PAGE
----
False Consensus: The Onion Spoofs Climate Science

By Robert Bradley Jr. – Re-Blogged From WUWT

The Onions recent satire on climate science, “Climate Researchers Warn Only Hope For Humanity Now Lies In Possibility They Making All Of This Up,” presents a paradox worth solving.

“Saying the time to act has come and gone,” the piece begins, “a group of researchers from the U.N. Intergovernmental Panel on Climate Change warned Tuesday that any hope for the future of humanity now hinges on the possibility that scientists like themselves are simply making all of this up.” The spoof continues:

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Blue-Collar Lives Seem to Be Advancing in the ‘Right Direction’

By Madison Summers – Re-Blogged From IJR

New study collected from 1,049 blue-collar workers shows they’re pretty optimistic about their lives and jobs.

In a new survey by The Harris Poll, commissioned by Express Employment Professionals, 85 percent of blue-collar workers believe their lives are heading “in the right direction.”

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Drew Angerer/Getty Images

From CNN’s Non Sequitur Department: “Most economic forecasts have a big blind spot”

By David Middleton – Re-Blogged From WUWT

Definition of non sequitur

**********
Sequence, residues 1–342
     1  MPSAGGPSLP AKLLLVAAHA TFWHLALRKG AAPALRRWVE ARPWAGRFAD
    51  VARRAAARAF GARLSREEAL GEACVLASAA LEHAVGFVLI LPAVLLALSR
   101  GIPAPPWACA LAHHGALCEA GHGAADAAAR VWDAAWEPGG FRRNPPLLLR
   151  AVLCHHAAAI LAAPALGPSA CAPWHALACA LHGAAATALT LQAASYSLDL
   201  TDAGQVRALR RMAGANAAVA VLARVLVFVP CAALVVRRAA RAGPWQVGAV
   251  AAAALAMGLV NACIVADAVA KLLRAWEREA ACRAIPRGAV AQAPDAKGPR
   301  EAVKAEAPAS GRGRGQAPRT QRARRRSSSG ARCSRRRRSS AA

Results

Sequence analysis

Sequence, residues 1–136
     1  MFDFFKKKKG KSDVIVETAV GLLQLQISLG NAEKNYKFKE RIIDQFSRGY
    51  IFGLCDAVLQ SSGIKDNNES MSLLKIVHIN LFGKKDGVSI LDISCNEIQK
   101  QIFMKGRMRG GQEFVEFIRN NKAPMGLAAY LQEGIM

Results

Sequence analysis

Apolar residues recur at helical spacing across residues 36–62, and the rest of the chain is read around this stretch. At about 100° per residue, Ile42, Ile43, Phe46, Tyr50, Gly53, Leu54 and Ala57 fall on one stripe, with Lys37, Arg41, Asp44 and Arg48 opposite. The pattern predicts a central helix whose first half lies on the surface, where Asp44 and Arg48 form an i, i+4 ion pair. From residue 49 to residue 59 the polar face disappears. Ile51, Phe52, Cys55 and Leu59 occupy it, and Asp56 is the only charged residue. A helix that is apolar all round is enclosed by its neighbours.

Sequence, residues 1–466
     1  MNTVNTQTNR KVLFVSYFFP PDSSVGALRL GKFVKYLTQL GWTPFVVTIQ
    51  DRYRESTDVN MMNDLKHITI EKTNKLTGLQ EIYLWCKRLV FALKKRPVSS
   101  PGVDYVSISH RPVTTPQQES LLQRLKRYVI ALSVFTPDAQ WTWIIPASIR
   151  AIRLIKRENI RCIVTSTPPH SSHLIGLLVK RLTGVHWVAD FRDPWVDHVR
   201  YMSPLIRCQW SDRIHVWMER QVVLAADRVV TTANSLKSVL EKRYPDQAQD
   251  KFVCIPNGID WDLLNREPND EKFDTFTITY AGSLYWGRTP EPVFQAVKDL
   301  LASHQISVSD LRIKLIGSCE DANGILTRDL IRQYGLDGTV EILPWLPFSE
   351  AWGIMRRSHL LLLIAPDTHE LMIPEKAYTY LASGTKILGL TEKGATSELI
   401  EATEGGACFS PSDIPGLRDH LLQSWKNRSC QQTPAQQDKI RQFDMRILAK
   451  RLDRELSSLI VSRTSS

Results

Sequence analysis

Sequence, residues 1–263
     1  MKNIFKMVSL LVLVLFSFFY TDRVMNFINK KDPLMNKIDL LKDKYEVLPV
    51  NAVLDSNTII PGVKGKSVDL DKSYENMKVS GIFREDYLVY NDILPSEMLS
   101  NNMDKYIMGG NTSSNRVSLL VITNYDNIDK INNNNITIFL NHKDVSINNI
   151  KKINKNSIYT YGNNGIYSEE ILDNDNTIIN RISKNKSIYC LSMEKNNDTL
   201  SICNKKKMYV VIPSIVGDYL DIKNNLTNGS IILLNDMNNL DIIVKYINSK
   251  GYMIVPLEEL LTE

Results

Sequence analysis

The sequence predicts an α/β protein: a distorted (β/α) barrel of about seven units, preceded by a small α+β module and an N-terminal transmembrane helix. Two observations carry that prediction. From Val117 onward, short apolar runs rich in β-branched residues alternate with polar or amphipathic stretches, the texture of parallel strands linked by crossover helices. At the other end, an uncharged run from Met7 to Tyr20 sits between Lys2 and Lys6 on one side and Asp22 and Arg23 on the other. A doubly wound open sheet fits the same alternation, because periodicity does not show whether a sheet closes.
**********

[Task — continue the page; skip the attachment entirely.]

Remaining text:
1 : an inference that does not follow from the premises; specifically : a fallacy resulting from a simple conversion of a universal affirmative proposition or from the transposition of a condition and its consequent

Guest ridicule by David Middleton

Honestly… I’m not picking on Real Clear Energy… But today’s headlines were a gold mine!

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Climate Activists Have Long History of Ducking Debates With Skeptics

By Marc Morano – Re-Blogged From WUWT

In response to this ridiculous letter in the Guardian saying “we won’t share a debate platform with skeptics” Marc Morano writes:

Climate activists and scientists supporting the alleged “consensus” on man-made global warming have a long history of suppressing debate and intimidation scientists into silence. As a new round of calls go out to shut down scientific debate,